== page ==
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Old 06-18-2017, 09:49 AM   #31 (permalink)
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Quote:
Originally Posted by JRMichler View Post
The original solution was a vacuum actuated clutch. Take foot off gas, clutch disengages. Step on gas, clutch engages. One foot operation.
But the need for a vacuum provision made it unsuitable to certain engines, mostly Diesels and some newer gassers that are resorting to direct injection and getting rid of the throttle plate, and the electronic controls fitted to those vacuum-actuated clutches is still quite complex and not so easy to work on the field. Anyway, when I mentioned cars with manual transmissions adapted for disabled drivers, I was actually refering to full-mechanical devices, such as this hand clutch lever fitted to a split-window Kombi by its owner who had the left leg amputated.



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Then automatic transmissions came along and became the preferred solution in the US. That did require shifting the gas pedal over to the left side for those who lost their right leg. I got my driver's license with a left foot accelerator.
There are some right leg amputees in my country who are using hand controls for brake and accelerator, since it's cheaper than a vacuum-operated clutch control and much easier to install. Even some truckers are resorting to this.


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My dad knew an amputee that drove a motorcycle.
Whenever I saw anybody with a disability riding a motorcycle, it had been converted into a tricycle. The only exception to that is my dad, who has a left leg disability but still can drive vehicles without adaptations, even though now that he's getting older he's starting to consider getting an automatic for his next car.

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Old 06-18-2017, 05:26 PM   #32 (permalink)
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Quote:
Originally Posted by JRMichler View Post
The original solution was a vacuum actuated clutch. Take foot off gas, clutch disengages. Step on gas, clutch engages. One foot operation.

Then automatic transmissions came along and became the preferred solution in the US. That did require shifting the gas pedal over to the left side for those who lost their right leg. I got my driver's license with a left foot accelerator.

My dad knew an amputee that drove a motorcycle.
That's pretty similar to the old Borg-Warner overdrive boxes, no?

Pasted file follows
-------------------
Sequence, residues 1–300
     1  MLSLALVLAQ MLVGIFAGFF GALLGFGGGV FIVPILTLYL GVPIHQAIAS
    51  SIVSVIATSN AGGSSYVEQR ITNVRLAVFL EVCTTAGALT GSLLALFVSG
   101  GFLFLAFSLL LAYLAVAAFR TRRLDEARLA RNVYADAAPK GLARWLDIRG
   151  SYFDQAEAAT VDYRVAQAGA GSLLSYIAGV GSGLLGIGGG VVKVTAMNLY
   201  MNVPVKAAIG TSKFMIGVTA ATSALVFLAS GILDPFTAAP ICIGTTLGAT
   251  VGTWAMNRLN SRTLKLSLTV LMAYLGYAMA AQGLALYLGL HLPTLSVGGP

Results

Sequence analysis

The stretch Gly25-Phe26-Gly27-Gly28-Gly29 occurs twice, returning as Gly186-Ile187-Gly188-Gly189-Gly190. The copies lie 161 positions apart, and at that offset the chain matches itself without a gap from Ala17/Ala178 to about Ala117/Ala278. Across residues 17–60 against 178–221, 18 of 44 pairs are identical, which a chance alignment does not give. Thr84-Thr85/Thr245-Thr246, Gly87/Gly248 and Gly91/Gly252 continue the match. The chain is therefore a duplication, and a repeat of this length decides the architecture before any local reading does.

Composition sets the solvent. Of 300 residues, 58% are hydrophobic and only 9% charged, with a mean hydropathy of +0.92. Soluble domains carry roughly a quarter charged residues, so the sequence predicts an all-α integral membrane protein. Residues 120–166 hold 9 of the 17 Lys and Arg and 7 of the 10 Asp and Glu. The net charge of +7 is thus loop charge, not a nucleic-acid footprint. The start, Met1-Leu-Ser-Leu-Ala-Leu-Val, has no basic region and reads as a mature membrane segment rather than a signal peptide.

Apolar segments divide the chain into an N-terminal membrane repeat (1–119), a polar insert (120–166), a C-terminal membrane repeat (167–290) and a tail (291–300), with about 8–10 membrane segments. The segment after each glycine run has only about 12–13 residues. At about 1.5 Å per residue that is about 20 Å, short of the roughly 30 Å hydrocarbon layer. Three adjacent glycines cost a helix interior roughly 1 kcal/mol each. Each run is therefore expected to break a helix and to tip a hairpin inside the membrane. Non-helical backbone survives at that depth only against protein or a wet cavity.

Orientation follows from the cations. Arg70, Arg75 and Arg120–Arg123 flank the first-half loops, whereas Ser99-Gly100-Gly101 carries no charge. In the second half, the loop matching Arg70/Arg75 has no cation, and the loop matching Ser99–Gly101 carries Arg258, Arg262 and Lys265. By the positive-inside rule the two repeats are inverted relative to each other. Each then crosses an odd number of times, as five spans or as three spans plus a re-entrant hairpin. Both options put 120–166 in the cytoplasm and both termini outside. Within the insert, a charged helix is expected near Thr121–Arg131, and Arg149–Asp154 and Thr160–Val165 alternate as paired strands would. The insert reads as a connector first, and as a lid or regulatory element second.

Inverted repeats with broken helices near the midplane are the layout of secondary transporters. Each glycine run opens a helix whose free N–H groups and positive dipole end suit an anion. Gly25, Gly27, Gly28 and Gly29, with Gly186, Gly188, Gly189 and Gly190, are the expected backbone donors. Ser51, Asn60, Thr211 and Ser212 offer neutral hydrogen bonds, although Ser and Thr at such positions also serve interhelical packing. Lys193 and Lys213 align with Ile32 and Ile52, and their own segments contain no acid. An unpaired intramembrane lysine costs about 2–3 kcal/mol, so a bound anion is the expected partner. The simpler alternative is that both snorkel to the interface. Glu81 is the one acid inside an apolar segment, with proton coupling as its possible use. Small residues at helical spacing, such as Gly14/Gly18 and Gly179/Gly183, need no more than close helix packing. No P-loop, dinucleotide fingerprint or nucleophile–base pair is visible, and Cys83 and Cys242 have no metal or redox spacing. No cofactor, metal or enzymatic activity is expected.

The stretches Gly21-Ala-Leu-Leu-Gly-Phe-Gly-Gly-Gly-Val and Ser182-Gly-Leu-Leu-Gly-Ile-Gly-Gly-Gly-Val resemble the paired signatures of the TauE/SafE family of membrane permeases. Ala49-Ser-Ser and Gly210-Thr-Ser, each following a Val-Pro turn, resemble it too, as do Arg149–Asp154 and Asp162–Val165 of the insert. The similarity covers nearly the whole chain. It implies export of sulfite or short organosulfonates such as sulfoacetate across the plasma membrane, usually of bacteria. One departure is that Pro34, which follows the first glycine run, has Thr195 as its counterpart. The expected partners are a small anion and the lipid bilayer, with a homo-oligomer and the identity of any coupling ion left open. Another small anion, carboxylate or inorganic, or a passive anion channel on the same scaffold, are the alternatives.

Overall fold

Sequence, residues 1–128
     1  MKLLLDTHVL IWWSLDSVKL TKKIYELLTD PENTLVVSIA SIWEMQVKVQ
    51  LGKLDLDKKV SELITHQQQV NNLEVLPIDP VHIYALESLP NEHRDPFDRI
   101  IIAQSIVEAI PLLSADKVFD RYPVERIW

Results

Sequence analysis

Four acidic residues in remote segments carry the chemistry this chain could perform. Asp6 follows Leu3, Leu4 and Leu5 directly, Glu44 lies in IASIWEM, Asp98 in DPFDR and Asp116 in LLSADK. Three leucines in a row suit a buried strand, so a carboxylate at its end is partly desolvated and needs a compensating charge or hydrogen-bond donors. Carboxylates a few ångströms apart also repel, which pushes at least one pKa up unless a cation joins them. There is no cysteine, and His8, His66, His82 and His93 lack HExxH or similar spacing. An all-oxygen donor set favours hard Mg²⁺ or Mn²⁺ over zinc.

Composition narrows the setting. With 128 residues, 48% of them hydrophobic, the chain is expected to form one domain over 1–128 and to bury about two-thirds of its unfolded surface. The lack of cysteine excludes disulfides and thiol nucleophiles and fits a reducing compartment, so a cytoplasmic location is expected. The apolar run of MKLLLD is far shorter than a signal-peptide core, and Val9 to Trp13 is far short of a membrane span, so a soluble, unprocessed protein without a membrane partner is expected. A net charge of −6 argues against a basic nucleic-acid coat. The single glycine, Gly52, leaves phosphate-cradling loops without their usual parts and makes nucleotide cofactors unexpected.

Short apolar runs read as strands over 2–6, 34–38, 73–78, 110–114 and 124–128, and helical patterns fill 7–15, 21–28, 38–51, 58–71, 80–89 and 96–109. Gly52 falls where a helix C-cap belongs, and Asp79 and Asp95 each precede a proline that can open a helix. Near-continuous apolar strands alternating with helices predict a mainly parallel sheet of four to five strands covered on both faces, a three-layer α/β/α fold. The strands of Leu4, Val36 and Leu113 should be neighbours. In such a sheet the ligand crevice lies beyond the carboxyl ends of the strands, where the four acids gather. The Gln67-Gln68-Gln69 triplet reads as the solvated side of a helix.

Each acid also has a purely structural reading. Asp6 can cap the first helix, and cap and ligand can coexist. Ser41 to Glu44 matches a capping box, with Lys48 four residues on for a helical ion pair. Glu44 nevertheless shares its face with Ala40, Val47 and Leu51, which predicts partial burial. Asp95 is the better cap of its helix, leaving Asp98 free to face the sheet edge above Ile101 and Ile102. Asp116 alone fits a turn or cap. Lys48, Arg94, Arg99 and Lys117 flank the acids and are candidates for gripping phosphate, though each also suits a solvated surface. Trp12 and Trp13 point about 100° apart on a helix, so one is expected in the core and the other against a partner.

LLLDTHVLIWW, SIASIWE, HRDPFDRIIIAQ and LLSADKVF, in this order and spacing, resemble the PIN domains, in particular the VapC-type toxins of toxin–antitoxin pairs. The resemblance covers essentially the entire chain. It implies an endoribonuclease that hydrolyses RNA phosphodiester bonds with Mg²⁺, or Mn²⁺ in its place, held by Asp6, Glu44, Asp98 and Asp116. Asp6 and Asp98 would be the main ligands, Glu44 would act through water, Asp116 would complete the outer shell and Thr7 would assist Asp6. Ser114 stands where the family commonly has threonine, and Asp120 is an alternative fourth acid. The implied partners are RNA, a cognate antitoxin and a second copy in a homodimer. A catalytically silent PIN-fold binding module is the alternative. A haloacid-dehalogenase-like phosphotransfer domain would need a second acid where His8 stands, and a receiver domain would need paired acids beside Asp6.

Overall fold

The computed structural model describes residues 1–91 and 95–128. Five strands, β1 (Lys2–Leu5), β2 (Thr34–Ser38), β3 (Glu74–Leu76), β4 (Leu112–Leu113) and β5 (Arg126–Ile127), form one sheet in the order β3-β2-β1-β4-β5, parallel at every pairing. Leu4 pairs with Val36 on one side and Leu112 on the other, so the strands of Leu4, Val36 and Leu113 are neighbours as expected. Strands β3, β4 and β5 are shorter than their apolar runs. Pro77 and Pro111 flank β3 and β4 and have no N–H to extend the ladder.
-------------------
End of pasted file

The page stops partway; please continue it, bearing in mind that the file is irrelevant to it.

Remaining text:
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Old 06-19-2017, 04:38 AM   #33 (permalink)
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Originally Posted by jcp123 View Post
That's pretty similar to the old Borg-Warner overdrive boxes, no?
I'd actually rather relate those auxiliary overdrive units to the dual-range feature of the transfer cases in 4WD vehicles, even though shifting between the ranges on a transfer case usually requires the vehicle to come to a stop (even when they're able to shift between 2WD and 4WD on-the-fly).
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Old 06-19-2017, 09:41 AM   #34 (permalink)
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Something tells me that the US automotive industry wasn't thinking helping amputees drive. It wasn't 'till the 1990s that we passed a law requiring wheelchair ramps and the like, and people still fight that "overregulation".

The carcos were just thinking about selling to idiots.
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Transmission type Efficiency
Manual neutral engine off.100% @MPG <----- Fun Fact.
Manual 1:1 gear ratio .......98%
CVT belt ............................88%
Automatic .........................86%

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Old 06-20-2017, 02:58 PM   #35 (permalink)
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Something tells me that the US automotive industry wasn't thinking helping amputees drive. It wasn't 'till the 1990s that we passed a law requiring wheelchair ramps and the like, and people still fight that "overregulation".

The carcos were just thinking about selling to idiots.
Sure the accessibility issue was not a priority for the auto industry in the '40s and '50s, but at least Oldsmobile had advertised that automatics were easier for wounded WW2 veterans and the polio victims to get them fitted with hand controls, since it didn't require any clutch control.